Tuesday November 7, 2017
The theme of this year’s Lancaster Insurance Classic Motor Show is Family Ties and on the stand of the Lotus Historic Register, you will find a quartet of vehicles that are celebrating their sixtieth birthdays.
1957 was a key year in the history of the marque, one in which Lotus constructed the 12, their first Formula One racer, while an Eleven, with that jaw-droppingly elegant body created by Frank Costin, won the Index of Performance at Le Mans.
And for the weekday professionals and weekend eventer there was the new Lotus that was equally suited to ‘Touring, Rallying, Racing or Shopping’; just dial FITzroy 1777 for more details.
In autumn 1957 one of the stellar attractions of the Earls Court Motor Show was the Elite Type 14 - and it would be fair to say that it caused somewhat of a sensation.
The first volume-produced Lotus coupe was also the first vehicle in the world with a self-supporting GRP body that was not just light, the Elite weighed a mere 1,510lbs, but with a drag coefficient of an incredible 0.29.
Power was from an alloy Coventry Climax 1,216cc OHC unit. A price of £1,951 7s made it more expensive than a Jaguar 3.4 saloon with a heater still costing another £29 15s 6d and a further £3 10s 1d for windscreen washers but in terms of British sports cars, it had, as Autocar magazine put it, ‘the right specification at the right moment’.
In 1960 the same publication went so far as to say that ‘the road manners of the Elite come as near to those of a racing car as the ordinary motorist would ever experience’ and such performance was combined with the Peter Kirwan-Taylor styling which seamlessly blended aesthetics and function; one of the most graceful touches was how the fascia was styled to mirror the Elite’s profile.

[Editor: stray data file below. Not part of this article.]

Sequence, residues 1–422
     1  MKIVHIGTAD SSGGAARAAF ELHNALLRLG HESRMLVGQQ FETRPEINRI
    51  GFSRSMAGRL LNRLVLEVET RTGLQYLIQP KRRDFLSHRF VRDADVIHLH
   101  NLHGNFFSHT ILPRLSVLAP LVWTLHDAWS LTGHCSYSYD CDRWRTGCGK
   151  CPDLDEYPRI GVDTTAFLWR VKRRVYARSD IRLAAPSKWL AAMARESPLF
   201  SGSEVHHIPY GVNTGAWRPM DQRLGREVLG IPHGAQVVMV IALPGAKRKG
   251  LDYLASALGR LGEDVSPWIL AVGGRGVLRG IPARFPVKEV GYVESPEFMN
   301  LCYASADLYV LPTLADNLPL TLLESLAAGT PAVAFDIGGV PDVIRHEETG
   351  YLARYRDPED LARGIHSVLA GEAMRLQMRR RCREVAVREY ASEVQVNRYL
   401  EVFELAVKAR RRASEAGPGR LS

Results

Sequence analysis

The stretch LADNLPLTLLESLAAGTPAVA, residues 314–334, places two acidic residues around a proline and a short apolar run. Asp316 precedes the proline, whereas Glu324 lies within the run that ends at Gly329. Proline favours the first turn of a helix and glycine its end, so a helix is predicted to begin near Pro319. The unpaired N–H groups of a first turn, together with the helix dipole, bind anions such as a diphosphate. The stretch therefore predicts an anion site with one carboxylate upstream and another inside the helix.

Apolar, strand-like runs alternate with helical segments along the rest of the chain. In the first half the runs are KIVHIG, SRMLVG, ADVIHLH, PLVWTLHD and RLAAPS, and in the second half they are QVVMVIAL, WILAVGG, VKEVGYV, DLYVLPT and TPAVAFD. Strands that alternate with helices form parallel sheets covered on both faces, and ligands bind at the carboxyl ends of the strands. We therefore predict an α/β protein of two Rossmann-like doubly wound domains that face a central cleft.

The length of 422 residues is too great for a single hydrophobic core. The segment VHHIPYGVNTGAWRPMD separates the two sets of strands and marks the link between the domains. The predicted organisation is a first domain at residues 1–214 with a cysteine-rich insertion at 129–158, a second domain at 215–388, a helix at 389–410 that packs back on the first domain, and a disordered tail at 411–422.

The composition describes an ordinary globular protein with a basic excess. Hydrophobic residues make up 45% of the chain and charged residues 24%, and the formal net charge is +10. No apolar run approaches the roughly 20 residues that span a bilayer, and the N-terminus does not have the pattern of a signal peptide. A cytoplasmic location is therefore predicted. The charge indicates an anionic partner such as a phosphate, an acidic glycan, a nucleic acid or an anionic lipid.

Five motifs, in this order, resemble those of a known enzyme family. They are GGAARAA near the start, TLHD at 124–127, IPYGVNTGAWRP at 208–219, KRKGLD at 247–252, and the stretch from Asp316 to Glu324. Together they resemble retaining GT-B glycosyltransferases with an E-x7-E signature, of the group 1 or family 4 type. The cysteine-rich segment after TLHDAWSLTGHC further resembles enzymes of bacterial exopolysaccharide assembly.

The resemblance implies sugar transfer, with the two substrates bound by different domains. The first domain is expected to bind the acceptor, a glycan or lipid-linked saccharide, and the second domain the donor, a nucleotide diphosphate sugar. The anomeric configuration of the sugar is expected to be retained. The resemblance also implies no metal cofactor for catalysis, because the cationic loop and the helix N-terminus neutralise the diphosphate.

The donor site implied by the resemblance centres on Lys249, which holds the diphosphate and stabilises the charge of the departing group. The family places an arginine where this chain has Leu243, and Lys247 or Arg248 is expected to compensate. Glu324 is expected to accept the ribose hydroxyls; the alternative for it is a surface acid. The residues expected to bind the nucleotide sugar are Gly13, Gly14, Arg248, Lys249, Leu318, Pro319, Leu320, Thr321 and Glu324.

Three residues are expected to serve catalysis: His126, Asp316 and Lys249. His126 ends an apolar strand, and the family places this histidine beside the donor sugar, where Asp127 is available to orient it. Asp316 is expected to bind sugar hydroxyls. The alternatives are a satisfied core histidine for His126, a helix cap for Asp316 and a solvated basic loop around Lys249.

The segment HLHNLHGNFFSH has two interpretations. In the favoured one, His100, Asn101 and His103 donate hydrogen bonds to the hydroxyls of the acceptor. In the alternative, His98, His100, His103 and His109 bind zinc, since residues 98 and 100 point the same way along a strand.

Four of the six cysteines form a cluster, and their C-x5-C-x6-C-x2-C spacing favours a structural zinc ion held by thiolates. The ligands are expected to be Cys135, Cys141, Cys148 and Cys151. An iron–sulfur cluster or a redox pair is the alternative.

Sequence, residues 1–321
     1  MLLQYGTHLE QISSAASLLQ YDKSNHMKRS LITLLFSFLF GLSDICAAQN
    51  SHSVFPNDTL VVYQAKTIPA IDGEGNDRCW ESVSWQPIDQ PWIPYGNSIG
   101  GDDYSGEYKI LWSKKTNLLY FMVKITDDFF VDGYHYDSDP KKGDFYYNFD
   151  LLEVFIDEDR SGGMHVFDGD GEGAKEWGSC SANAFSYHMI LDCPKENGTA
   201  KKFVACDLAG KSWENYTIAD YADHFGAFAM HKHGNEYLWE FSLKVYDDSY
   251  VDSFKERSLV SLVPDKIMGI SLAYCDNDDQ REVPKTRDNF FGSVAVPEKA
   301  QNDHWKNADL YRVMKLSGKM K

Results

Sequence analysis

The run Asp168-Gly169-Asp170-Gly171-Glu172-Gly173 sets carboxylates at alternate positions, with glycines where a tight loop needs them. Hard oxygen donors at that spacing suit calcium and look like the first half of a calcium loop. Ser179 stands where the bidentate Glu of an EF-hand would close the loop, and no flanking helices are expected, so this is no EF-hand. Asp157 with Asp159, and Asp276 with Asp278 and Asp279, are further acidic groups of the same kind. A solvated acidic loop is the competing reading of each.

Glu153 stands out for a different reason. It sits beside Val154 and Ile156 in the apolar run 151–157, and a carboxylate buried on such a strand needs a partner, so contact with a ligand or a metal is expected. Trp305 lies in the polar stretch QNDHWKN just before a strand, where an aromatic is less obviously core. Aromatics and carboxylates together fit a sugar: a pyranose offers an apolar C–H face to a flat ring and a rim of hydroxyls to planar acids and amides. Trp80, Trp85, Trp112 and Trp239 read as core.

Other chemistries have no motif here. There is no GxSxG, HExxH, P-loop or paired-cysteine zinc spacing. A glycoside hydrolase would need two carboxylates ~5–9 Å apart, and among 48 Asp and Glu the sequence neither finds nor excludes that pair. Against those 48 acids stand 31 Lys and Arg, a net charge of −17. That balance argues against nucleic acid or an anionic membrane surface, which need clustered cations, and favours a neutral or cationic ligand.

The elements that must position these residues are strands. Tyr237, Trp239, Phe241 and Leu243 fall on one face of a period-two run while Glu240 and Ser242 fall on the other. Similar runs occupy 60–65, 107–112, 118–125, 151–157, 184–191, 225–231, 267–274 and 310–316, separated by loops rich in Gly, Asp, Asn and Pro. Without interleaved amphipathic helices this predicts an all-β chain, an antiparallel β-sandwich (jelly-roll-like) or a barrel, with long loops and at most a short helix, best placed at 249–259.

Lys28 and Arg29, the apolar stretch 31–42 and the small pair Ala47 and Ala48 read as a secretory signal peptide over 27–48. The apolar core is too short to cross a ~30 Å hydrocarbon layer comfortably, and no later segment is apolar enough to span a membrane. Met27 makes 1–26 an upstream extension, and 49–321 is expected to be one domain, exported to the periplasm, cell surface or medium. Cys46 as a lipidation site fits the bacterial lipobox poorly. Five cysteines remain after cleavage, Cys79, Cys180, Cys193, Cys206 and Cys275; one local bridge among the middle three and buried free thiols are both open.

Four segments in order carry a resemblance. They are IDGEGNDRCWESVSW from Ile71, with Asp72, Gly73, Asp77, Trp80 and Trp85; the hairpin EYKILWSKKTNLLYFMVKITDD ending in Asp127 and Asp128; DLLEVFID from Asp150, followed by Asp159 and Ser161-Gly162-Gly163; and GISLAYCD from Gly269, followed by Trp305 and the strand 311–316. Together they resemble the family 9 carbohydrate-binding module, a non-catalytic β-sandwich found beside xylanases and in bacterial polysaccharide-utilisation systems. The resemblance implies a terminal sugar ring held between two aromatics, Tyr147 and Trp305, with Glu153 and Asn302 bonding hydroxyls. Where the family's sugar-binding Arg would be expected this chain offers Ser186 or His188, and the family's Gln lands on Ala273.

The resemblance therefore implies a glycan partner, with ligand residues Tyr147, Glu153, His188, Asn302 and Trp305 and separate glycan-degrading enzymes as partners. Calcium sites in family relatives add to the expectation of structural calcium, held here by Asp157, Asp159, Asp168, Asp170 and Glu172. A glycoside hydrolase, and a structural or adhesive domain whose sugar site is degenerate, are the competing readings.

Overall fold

Even today the Type 14 does not appear dated and it is near impossible to believe that it dates from the era of Wally Whyton & The Vipers and The Billy Cotton Band Show.
This Pathe Pictorial short film captures the class-winning Lotus of John Wagstaff and Pat Fergusson in glorious Technicolor:
The Elite was available in factory-built or kit forms and for the determined chap could have made in his own workshop, between breaks for pipe smoking, there was also the new Seven.
Simple aluminium coachwork cloaked a tubular spaceframe chassis, there were drum brakes all round, a live rear axle from the Metropolitan 1500 while power was from a 1,172cc Ford side valve engine more associated with the decidedly non-sporting 100E Anglia and Prefect.
Lotus did not take an example to the London show, as their efforts were centred on the preparation of the Elite prototype for public display but the Seven proved to be a car in the marque’s tradition of affordable machinery.
For just £526, the self-build engineer could have an 80-mph vehicle for off-duty racing and for commuting to work.
It should be observed that the latter would have inevitably been less than comfortable if you were any taller than Chapman, the cabin was designed around his measurements, and to quote Sports Car Illustrated, the Seven was ‘as Spartan and as unadorned as a rowboat’.
But these trifling issues mattered not to the sort of hardy individuals who regarded heaters and thickly padded seats as further examples of the decadence that was afflicting the UK.
In 1966, they certainly did not deter Britain’s highest paid television star when he was looking for on-screen transport for his latest project, one that would be partially filmed in North Wales.
Be seeing you (at the NEC)